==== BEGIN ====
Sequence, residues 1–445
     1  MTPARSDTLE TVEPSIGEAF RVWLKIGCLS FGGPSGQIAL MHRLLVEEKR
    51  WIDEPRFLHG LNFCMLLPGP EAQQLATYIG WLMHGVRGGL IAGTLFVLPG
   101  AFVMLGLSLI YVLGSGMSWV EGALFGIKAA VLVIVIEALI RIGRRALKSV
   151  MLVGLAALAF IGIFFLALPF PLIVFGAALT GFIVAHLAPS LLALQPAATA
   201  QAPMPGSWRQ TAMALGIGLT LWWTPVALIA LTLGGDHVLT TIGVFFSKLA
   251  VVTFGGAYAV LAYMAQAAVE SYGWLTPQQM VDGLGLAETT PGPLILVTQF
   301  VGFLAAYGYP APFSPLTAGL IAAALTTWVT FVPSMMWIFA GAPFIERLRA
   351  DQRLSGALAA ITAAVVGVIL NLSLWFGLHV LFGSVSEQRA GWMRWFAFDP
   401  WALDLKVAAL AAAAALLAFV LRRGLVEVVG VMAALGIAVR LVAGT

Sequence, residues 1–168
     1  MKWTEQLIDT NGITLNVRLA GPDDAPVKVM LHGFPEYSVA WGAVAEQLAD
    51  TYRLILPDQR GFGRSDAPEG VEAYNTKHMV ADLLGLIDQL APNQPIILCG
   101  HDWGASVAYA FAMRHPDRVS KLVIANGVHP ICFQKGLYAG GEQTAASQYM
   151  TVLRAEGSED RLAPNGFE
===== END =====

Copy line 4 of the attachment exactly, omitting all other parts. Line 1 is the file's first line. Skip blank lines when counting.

   101  AFVMLGLSLI YVLGSGMSWV EGALFGIKAA VLVIVIEALI RIGRRALKSV